Frequently Asked Questions
An Executor is the person or organisation who is responsible for carrying out the will maker’s wishes as set in the will, after the will maker has passed away.
Your Executor needs to be over 18 years of age and they need to reside in Australia. You should consider appointing a back up Executor in case your first appointed Executor is unable or unwilling to act.
Most people appoint their spouse as their Executor at first instance and their children jointly as their back up Executors.
The role of an Executor can be complex and demanding. In any given case, an Executor may be required to perform the following tasks:
- Arrange the funeral: The Executor is required to organise the funeral and liaise with the Funeral Director to apply for a Death Certificate.
- Notify relevant organisations: The Executor must promptly notify various organisations regarding the deceased person’s death – including:
- Financial institutions (for example, banks and the Australian Taxation Office)
- Service providers (for example, telcos and energy providers)
- Other relevant organisations (for example, Roads and Maritime Services)
- Notify beneficiaries: The Executor must locate the deceased’s last Will and promptly contact the beneficiaries to notify them of their entitlements.
- Look after the estate: The Executor must ensure all assets – including property and investments – are safe and protected. This includes arranging insurance to provide further protection if required.
- Defend claims: The Executor must defend any claims brought against the estate (for example, family provision claims).
- Value the estate: The Executor must identify and determine the value of the estate’s assets and liabilities.
- Obtain authority to administer the estate: The Executor must apply to the Court to receive authority to administer the deceased’s estate. This is known as obtaining a ‘Grant of Probate’ or ‘Probate of the Will’.
- Lodge income tax returns: Before the estate can be distributed, the Executor must ensure all tax returns for the deceased person have been completed and lodged – this often involves completing several tax returns, including a tax return for the estate itself.
- Pay liabilities: The Executor must pay the liabilities and expenses of the estate, e.g. creditors, funeral expenses, income tax, fees for administering the estate and any out-of-pocket expenses. To do this, the Executor may need to sell some of the deceased’s assets, although the beneficiaries may choose to cover these expenses if they do not want the assets to be sold.
- Establish trusts: The Executor is responsible for establishing trusts for beneficiaries if required, e.g. a trust is required if a beneficiary is a minor or is mentally disabled, or if there are specific instructions for a trust to be established in the Will.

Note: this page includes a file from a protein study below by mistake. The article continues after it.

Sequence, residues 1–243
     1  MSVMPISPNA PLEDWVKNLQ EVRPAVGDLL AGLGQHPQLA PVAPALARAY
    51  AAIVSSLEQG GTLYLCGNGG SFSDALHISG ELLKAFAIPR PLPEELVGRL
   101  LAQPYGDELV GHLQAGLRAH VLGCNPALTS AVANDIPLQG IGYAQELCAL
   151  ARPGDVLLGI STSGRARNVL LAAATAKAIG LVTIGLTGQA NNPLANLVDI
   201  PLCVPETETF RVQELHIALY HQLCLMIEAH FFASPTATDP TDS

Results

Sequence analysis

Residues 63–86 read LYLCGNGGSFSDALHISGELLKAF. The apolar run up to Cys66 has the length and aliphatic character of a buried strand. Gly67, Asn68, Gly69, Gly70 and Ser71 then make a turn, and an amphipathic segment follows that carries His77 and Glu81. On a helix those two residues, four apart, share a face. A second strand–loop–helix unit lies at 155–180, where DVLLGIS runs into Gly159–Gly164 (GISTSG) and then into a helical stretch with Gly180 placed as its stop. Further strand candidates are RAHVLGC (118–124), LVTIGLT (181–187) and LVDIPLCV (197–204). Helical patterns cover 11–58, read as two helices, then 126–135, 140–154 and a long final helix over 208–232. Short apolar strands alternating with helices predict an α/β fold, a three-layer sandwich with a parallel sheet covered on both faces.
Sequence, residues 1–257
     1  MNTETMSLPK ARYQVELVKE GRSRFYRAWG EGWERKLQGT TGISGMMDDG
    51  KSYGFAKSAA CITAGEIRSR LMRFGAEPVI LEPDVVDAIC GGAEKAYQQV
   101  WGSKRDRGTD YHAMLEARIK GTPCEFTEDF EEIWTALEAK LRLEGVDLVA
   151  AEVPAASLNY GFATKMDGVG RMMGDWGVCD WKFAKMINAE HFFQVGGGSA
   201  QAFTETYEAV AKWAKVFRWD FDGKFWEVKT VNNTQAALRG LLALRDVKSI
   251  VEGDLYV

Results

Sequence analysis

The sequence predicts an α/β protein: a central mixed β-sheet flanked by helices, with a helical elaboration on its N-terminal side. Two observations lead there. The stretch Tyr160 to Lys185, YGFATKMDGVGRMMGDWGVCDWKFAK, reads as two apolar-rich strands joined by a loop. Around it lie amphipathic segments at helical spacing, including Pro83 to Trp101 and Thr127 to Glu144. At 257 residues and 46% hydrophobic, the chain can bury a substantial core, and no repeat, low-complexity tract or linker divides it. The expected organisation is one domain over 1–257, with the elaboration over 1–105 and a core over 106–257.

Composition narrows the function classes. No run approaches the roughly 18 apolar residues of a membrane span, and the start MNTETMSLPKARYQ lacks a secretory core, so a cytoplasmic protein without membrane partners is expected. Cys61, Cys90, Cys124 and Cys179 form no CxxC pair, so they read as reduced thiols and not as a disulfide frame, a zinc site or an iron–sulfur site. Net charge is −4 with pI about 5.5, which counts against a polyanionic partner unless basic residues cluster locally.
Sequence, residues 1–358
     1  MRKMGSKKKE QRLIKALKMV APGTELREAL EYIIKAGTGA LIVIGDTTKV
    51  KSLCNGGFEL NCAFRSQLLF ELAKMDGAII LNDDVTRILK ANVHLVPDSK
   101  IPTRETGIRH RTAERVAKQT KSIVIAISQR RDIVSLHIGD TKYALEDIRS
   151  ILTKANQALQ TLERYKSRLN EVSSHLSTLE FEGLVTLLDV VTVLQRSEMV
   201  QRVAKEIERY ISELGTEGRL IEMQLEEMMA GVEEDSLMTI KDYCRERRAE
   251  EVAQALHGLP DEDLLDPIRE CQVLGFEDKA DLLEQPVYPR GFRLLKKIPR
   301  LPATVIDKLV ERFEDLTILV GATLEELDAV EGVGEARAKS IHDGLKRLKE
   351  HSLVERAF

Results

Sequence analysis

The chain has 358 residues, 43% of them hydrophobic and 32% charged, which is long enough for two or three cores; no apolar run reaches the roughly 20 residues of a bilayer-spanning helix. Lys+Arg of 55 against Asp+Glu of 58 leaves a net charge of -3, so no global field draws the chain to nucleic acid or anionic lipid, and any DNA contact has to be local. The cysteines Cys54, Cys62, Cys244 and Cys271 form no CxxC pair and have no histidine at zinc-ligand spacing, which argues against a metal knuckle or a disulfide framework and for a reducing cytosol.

- Distribute the estate: Once the liabilities have been paid and the required trusts have been established, the Executor can distribute the remaining assets to the beneficiaries pursuant to the terms of the deceased’s last Will. The Executor usually has 12 months from the date of death to administer and distribute the estate. If this time limit is exceeded, the beneficiaries may have a right to claim interest from the Executor.
Your Will must follow strict requirements to be legally valid. Large costs and delays can result if the validity of a do-it-yourself Will has to be determined by the Court.
Most people know that making a Will is the most important aspect of estate planning – it’s the document that outlines your wishes after you are gone and is the best way to protect your loved ones.
Still, some people feel that spending money on a clear, legally valid, and up-to-date will is unwarranted, perhaps because they are not the ones reaping any benefit from it.
So instead, they choose to lay out their wishes in do-it-yourself will kits or online software that can generate a will quickly, and at a fraction of the price that a qualified will maker would charge.
But buyers beware – do-it-yourself will kits are rarely adequate when it comes to handling complex situations, and anyone making their will without professional assistance risks making a mistake, overlooking something or creating uncertainty about their wishes.
One of the reasons for this is that the way we speak and the words we use in everyday life, when written in a Will, may have a different meaning in a legal context.